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ERIC Number: EJ1073814
Record Type: Journal
Publication Date: 2015-Sep
Pages: 35
Abstractor: As Provided
Reference Count: 77
ISBN: N/A
ISSN: ISSN-1556-1607
Collaborative Group Engagement in a Computer-Supported Inquiry Learning Environment
Sinha, Suparna; Rogat, Toni Kempler; Adams-Wiggins, Karlyn R.; Hmelo-Silver, Cindy E.
International Journal of Computer-Supported Collaborative Learning, v10 n3 p273-307 Sep 2015
Computer-supported collaborative learning environments provide opportunities for students to collaborate in inquiry-based practices to solve authentic problems, using technological tools as a resource. However, we have limited understanding of the quality of engagement fostered in these contexts, in part due to the narrowness of engagement measures. To help judge the quality of engagement, we extend existing engagement frameworks, which have studied this construct as a stable and decontextualized individual difference. We conceptualize engagement as multi-faceted (including behavioral, social, cognitive and conceptual-to-consequential forms), dynamic, contextualized and collective. Using our newly developed observational measure, we examine the variation of engagement quality for ten groups. Subsequently, we differentiate low and high quality collaborative engagement through a close qualitative analysis of two groups. Here, we explore the interrelationships among engagement facets and how these relations unfolded over the course of group activity during a lesson. Our results suggest that the quality of behavioral and social engagement differentiated groups demonstrating low quality engagement, but cognitive and conceptual-to-consequential forms are required for explaining high quality engagement. Examination of interrelations indicate that behavioral and social engagement fostered high quality cognitive engagement, which then facilitated consequential engagement. Here, engagement is evidenced as highly interrelated and mutually influencing interactions among all four engagement facets. These findings indicate the benefits of studying engagement as a multi-faceted phenomenon and extending existing conceptions to include consequential engagement, with implications for designing technologies that scaffold high quality cognitive and conceptual-to-consequential engagement in a computer-supported collaborative learning environment.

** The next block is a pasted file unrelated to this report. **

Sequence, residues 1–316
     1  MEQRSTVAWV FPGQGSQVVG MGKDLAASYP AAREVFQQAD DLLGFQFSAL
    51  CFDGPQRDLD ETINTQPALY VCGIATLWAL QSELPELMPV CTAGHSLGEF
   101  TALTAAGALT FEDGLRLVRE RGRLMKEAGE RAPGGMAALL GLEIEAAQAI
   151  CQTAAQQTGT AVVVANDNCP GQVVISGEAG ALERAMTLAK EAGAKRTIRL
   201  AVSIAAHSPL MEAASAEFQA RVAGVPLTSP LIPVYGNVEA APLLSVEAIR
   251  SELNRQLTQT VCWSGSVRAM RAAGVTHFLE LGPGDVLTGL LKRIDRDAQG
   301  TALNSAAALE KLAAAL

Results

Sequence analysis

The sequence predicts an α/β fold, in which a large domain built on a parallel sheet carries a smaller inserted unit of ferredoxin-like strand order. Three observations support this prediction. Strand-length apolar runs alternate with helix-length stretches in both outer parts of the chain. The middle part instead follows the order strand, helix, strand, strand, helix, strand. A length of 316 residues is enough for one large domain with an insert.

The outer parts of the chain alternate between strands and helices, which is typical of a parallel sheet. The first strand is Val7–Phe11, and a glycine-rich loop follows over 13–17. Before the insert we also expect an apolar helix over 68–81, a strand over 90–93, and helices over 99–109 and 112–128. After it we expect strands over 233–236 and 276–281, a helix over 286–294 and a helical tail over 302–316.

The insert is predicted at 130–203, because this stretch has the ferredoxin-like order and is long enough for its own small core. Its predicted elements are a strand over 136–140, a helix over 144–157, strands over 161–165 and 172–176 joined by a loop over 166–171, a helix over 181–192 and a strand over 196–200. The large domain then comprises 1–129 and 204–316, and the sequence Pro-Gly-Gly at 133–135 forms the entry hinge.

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Publication Type: Journal Articles; Reports - Research
Education Level: N/A
Audience: N/A
Language: English
Sponsor: N/A
Authoring Institution: N/A